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The 1888 Lions – ‘The fastest and hardest fought game ever seen’

The 1888 Lions – ‘The fastest and hardest fought game ever seen’

The first rugby tourists from the northern hemisphere arrived in April 1888 in New Zealand.

“The greatest football match that has ever been contested on New Zealand soil.”

The first rugby tourists from the northern hemisphere arrived in April 1888 in New Zealand.

And contemporary reports make it abundantly clear that these home nations stars set the template for the Lions tours we know and love today.

The game has come on leaps and bounds in the last 128 years, of that there can be no doubt.

But much of what the Lions stand for has stood the test of time, going all the way back to their first-ever match against Otago on April 28.

The best of the best

The Lions have always come together to represent the best of the best while also honouring the core traditions of friendship, discipline, respect and integrity.

And if the Otago Witness report from that famous April day at the Caledonian Road ground in Dunedin is anything to go by, then the 1888 generation set a golden standard. 

The greatest football match that has ever been contested on New Zealand soil,” they wrote in their May 4 edition.

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When any Lions tour arrives on foreign soil they immediately attract much attention, both on and off the field, and in 1888 this was no different.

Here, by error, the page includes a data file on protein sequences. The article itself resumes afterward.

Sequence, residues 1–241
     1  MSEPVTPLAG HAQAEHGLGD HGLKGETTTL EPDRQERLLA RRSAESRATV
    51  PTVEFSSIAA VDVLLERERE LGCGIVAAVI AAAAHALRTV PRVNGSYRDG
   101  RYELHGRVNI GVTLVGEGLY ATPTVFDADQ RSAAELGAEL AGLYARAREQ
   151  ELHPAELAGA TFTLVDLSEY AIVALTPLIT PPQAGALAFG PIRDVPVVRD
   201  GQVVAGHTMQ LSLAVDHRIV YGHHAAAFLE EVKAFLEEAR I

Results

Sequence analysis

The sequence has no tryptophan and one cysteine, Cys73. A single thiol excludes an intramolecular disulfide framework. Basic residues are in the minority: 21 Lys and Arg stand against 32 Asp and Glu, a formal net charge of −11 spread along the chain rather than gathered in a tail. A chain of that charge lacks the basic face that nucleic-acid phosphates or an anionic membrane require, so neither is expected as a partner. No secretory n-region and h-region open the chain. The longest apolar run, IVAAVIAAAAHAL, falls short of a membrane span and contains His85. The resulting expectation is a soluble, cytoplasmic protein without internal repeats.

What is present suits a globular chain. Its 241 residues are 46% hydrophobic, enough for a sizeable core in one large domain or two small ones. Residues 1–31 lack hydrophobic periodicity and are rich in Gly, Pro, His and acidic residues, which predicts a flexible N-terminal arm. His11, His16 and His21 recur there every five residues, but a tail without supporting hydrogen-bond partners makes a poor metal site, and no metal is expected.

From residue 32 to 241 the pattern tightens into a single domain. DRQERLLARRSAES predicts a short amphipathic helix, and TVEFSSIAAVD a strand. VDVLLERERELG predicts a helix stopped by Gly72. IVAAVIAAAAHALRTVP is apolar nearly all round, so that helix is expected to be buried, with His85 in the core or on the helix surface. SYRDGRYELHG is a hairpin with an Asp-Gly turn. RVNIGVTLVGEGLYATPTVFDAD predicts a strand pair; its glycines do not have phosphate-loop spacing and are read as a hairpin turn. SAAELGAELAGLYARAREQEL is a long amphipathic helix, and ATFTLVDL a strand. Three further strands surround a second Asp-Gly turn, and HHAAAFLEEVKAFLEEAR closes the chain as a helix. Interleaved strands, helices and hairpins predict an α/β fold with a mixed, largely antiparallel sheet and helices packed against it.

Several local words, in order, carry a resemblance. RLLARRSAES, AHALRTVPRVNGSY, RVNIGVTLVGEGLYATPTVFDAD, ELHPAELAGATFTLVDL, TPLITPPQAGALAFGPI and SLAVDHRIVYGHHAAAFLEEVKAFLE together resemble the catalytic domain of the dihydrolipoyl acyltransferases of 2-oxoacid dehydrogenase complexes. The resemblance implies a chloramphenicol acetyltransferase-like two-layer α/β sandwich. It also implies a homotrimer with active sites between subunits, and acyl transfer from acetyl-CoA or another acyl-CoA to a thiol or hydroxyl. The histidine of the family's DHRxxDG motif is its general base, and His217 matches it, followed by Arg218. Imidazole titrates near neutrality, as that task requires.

The match had been talked up ever since the SS Kaikoura had docked at Port Chalmers five days earlier. And the hubbub was only growing on matchday – as the Witness remembers:

“As early as 2 o’clock it was evident in town that something unusual was going to take place for the sidewalks were thronged with pedestrians, all going in the one direction – southward; while a large crowd assembled in front of the Grand Hotel to see the Englishmen embark.”

A game apart 

So far so similar to the Lions tours of today, you might be thinking.

But when the players got out on the pitch it becomes clear just how much the game has changed.

Firstly the physical size of the players on show was remarkable compared to the modern game – the average weight of a Lions forward for that opening game was a shade under 76kg.

Compare that to the Lions Test side that lined up for the third Test against Australia in 2013 that averaged out at a whopping 117kg per man!

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The Lions were captained by Bob Seddon (above) before his tragic death halfway through the tour

There was also their attire to consider – not yet synonymous with the famous red jersey – these Lions were clad in red, white and blue.

Their warm-up constituted of a little preliminary chucking of the ball before they at once adopted passing tactics for which they were praised so highly.

As the Mataura Ensign reports: “The play…in this respect was a treat to witness and nothing like it has ever been seen in Dunedin before.”

Otago take the lead